Big payouts to tech company CEOs are nothing new, but the tale of Nokia and Elop has added layers of mystery and intrigue, from whispers of industrial sabotage to multi-million dollar divorce settlements.
Nokia CEO Stephen Elop is in line for a $25m (around £16m) payout when the sale of the handset business to Microsoft goes through and he steps down as the company's CEO.
Elop will receive 18 months of his salary and a "management short term cash incentive", which together come to $5.7m. He'll also receive share awards of around $19.7m, and gets a new job at Microsoft when the deal is finalised.
Back to basics
Elop is no stranger to Microsoft HQ having left the company to take over at Nokia in 2010.
And it's this return to his old stomping ground that has many people up in arms, suspecting that the whole Microsoft/Nokia deal had been orchestrated years in advance, the plan being to skim off Nokia's hardware business all along.
The Finnish, in particular, are unhappy with the size of the payout Elop is to receive for effectively taking the country's biggest company away.
It doesn't help that Nokia's chairman, Risto Siilasmaa, told reporters that the terms of Elop's payout are comparable to those of his predecessors, only to later backtrack and say he was wrong. Some have speculated that Elop's contract actually offered him an incentive to broker a buy-out deal.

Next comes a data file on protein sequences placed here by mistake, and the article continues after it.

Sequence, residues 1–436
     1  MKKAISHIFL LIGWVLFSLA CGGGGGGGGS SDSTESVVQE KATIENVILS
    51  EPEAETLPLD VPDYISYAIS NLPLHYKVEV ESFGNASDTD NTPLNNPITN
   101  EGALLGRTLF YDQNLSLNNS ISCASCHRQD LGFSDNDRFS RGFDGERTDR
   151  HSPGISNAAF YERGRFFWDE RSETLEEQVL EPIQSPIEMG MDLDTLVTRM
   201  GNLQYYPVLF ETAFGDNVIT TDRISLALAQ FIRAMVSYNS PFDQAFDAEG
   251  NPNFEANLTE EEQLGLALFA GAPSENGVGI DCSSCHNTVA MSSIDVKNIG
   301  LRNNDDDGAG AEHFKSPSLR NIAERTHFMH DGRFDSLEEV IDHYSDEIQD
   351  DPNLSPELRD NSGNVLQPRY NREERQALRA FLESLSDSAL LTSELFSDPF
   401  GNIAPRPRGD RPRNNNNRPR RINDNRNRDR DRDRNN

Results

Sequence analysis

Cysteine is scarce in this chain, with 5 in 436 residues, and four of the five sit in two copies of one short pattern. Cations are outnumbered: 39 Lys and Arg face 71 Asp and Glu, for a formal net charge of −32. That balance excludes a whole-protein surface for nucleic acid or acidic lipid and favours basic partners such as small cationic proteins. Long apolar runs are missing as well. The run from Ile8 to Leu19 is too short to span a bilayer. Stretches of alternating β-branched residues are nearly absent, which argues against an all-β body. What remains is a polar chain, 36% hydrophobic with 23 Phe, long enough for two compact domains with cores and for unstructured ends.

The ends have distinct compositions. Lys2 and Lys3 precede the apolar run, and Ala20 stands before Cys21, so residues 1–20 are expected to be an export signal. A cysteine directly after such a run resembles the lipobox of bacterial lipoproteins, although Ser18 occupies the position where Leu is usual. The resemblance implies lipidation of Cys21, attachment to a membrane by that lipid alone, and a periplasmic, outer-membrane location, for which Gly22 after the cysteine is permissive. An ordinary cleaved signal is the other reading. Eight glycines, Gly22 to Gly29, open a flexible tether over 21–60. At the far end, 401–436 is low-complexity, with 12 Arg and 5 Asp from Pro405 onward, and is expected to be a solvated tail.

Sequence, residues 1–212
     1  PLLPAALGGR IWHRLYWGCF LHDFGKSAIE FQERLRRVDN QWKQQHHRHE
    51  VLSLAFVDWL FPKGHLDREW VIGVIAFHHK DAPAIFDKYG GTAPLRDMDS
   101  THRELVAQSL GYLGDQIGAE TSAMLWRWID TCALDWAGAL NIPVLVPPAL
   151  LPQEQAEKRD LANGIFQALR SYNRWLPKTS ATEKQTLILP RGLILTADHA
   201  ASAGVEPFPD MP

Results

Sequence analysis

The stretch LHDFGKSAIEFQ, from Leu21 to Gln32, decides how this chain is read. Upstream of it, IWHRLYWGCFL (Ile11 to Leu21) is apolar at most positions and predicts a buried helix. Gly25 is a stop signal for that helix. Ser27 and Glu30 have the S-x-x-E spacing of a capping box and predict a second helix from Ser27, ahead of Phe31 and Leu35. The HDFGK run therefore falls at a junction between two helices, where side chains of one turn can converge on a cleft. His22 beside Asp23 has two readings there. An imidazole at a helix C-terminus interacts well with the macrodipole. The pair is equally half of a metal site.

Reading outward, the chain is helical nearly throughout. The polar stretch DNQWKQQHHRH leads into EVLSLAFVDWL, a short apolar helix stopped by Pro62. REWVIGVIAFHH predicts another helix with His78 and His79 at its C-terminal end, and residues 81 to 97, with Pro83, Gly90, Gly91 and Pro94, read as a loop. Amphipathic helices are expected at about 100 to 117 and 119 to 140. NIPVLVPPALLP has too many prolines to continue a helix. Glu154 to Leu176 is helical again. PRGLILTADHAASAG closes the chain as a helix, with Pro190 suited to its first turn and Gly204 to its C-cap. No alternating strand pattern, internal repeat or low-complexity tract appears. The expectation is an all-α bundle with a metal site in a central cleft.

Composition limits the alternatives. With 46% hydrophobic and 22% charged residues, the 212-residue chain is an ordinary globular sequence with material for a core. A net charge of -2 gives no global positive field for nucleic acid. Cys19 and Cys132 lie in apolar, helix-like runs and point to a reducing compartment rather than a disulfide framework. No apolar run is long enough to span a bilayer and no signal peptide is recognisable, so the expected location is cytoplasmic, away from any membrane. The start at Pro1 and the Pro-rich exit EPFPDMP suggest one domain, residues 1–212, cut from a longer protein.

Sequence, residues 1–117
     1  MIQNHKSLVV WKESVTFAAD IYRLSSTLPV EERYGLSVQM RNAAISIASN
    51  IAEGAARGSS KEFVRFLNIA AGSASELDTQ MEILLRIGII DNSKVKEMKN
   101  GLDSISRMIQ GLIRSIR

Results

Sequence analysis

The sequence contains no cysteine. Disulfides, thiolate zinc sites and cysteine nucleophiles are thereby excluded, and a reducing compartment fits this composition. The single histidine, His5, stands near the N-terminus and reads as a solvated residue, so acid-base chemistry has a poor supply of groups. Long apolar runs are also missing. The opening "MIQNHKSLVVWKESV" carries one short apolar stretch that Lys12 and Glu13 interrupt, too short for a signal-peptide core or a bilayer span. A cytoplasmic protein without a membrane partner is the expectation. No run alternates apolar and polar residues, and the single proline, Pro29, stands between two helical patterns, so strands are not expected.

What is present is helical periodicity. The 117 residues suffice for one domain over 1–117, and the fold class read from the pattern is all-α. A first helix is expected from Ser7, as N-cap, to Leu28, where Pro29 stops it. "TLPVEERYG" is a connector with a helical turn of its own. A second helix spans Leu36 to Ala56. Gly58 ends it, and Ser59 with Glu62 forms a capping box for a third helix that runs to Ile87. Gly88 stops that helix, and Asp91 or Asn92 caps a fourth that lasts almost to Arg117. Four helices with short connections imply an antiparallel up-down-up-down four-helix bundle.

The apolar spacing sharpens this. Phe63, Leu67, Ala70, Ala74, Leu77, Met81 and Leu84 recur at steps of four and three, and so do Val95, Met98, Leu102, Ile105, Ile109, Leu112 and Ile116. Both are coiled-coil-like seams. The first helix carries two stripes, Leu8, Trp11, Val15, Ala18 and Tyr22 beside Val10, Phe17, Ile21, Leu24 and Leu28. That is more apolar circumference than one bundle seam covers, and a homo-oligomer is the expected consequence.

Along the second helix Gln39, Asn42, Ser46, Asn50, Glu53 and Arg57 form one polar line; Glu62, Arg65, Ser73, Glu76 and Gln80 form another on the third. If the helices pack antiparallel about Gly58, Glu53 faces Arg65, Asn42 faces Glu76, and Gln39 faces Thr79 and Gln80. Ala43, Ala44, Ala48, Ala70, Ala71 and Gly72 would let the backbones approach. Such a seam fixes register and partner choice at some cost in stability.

Finnish newspaper Helsingin Sanomat today reports that the beleaguered company has "pleaded" with Elop to accept a smaller package to try and quiet the drama around the deal.
However, Elop is reported to have rejected this idea for the most soap opera of reasons: because he is getting divorced. That the soon-to-be-former-Mrs Elop cannot be expected to take a reduced divorce settlement is apparently Elop's argument.
The whole situation does not exactly speak of an elegant end to an always controversial management move. But the big question remains: who will play Elop in the inevitable movie?
- For inspiration, read our profile of Stephen Elop: the outspoken CEO who engineered Microsoft's Nokia takeover